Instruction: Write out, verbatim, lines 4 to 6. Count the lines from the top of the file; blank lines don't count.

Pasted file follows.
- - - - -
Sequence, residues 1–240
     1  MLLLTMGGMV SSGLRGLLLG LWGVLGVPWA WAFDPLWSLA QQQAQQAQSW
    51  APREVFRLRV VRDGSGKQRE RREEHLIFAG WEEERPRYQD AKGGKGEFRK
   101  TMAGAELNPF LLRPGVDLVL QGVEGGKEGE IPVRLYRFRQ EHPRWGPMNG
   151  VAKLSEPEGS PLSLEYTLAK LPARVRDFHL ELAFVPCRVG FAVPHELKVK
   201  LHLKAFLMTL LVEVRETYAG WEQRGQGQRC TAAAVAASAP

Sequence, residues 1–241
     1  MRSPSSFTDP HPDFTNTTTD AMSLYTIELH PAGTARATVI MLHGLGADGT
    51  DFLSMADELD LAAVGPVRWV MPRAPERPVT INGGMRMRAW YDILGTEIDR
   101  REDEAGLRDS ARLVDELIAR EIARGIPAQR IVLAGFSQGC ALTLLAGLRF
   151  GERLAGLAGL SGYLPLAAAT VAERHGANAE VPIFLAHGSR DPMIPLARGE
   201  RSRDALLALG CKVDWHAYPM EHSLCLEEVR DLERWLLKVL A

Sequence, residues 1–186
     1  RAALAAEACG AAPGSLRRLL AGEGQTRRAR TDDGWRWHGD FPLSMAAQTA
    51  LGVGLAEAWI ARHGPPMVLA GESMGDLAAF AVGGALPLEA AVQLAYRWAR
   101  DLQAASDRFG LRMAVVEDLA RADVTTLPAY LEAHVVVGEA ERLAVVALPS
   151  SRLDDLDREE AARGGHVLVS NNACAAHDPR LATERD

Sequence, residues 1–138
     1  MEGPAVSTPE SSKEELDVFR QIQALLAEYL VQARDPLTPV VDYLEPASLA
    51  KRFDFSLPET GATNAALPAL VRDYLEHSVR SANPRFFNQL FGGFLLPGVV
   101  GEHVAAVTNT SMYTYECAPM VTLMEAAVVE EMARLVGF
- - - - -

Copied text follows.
   101  TMAGAELNPF LLRPGVDLVL QGVEGGKEGE IPVRLYRFRQ EHPRWGPMNG
   151  VAKLSEPEGS PLSLEYTLAK LPARVRDFHL ELAFVPCRVG FAVPHELKVK
   201  LHLKAFLMTL LVEVRETYAG WEQRGQGQRC TAAAVAASAP